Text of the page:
Joyful the heart that, when the flood rolled by,
Leaped up to see the rainbow in the sky;
And glad the pilgrim, in the lonely night,
For whom the hills of Haran, tier on tier,
Built up a secret stairway to the height
Where stars like angel eyes were shining clear.
From mountain-peaks, in many a land and age,
Disciples of the Persian seer
Have hailed the rising sun and worshipped thee;
And wayworn followers of the Indian sage
Have found the peace of God beneath a spreading tree.
But One, but One,–ah, child most dear,
And perfect image of the Love Unseen,–
Walked every day in pastures green,
And all his life the quiet waters by,
Reading their beauty with a tranquil eye.
To him the desert was a place prepared
For weary hearts to rest;
The hillside was a temple blest;
The grassy vale a banquet-room
Where he could feed and comfort many a guest.
With him the lily shared
The vital joy that breathes itself in bloom;
And every bird that sang beside the nest
Told of the love that broods o’er every living thing.
He watched the shepherd bring
His flock at sundown to the welcome fold,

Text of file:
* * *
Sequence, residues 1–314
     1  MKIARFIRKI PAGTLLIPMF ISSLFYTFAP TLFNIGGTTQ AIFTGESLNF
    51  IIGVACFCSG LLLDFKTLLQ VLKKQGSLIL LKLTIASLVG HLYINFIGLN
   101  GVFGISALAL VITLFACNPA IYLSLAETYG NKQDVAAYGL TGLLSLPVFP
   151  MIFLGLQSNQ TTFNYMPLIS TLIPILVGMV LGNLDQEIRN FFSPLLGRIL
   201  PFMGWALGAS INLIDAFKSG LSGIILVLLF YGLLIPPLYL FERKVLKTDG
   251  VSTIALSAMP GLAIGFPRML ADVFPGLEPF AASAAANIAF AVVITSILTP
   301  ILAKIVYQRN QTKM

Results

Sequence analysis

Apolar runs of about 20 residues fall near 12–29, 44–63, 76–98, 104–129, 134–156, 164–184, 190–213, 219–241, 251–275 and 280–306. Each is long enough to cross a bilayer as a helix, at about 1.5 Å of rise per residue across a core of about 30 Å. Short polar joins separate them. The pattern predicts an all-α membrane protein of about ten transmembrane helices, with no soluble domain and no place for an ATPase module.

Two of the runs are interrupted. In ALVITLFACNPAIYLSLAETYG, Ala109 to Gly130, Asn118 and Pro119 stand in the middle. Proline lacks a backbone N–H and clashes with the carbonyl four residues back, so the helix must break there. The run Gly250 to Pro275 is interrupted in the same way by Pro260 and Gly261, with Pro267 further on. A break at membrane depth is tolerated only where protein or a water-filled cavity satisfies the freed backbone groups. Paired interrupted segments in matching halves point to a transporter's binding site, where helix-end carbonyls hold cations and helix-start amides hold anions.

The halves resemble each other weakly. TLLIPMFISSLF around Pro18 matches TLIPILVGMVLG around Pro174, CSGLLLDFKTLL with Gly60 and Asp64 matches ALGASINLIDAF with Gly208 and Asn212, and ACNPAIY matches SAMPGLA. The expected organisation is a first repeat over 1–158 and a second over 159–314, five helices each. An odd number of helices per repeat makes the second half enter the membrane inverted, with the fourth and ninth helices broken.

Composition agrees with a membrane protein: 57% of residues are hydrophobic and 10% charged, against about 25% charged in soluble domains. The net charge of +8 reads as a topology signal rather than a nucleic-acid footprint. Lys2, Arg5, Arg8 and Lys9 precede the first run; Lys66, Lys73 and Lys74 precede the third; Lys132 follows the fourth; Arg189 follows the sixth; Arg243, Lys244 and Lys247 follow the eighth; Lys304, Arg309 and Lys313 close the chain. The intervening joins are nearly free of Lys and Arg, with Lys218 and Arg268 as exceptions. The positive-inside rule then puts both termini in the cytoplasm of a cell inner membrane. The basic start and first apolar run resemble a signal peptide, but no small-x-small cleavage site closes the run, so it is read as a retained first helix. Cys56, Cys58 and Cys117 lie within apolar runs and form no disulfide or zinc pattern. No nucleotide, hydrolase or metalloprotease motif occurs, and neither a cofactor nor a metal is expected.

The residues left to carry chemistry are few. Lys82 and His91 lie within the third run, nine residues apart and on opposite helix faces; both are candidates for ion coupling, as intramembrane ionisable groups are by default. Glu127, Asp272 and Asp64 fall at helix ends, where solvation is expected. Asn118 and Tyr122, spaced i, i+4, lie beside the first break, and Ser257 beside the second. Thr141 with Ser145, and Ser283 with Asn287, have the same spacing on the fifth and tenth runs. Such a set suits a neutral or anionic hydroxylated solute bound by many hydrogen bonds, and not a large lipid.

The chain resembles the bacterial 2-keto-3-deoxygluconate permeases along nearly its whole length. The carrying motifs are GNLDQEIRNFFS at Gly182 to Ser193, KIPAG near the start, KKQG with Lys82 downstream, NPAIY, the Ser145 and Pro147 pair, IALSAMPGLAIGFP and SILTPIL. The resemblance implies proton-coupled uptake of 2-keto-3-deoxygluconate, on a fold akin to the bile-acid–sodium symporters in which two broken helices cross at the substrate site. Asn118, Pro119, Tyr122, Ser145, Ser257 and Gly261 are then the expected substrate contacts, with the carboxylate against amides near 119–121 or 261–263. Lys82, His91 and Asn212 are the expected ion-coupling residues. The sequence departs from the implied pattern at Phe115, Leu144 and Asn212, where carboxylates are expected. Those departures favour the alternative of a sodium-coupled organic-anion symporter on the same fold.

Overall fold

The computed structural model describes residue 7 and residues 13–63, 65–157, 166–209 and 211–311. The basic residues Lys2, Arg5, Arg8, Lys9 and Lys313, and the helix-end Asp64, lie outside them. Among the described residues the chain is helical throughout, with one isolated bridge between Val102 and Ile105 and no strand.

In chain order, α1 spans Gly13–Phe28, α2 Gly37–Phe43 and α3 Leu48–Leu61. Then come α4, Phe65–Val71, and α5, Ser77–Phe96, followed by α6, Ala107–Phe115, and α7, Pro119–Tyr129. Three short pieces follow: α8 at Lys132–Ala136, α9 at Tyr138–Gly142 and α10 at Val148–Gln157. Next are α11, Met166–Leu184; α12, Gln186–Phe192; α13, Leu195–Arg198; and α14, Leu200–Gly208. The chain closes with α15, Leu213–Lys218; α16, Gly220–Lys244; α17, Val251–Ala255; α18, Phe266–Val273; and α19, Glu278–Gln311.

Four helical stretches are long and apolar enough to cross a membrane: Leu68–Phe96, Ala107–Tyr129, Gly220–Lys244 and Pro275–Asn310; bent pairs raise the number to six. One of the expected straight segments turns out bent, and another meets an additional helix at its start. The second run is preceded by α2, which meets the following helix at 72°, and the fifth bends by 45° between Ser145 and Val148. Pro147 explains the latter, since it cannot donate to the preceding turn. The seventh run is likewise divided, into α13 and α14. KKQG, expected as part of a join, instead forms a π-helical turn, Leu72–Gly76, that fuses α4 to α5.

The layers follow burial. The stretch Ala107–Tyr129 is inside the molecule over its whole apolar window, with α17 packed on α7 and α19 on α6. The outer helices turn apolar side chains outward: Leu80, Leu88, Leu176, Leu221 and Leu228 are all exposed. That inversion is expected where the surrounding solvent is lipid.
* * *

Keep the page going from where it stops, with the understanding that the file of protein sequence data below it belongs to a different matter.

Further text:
The fisherman at daybreak fling
His net across the waters gray and cold,
And all day long the patient reaper swing
His curving sickle through the harvest-gold.
So through the world the foot-path way he trod,
Drawing the air of heaven in every breath;
And in the evening sacrifice of death
Beneath the open sky he gave his soul to God.
Him will I trust, and for my Master take;
Him will I follow; and for his dear sake,
God of the open air,
To thee I make my prayer.
From the prison of anxious thought that greed has builded,
From the fetters that envy has wrought and pride has gilded,
From the noise of the crowded ways and the fierce confusion,
From the folly that wastes its days in a world of illusion,
(Ah, but the life is lost that frets and languishes there!)
I would escape and be free in the joy of the open air.
By the breadth of the blue that shines in silence o’er me,
By the length of the mountain-lines that stretch before me,
By the height of the cloud that sails, with rest in motion,
Over the plains and the vales to the measureless ocean,
(Oh, how the sight of the things that are great enlarges the eyes!)
Lead me out of the narrow life, to the peace of the hills
and the skies.
While the tremulous leafy haze on the woodland is spreading,
And the bloom on the meadow betrays where May has been treading;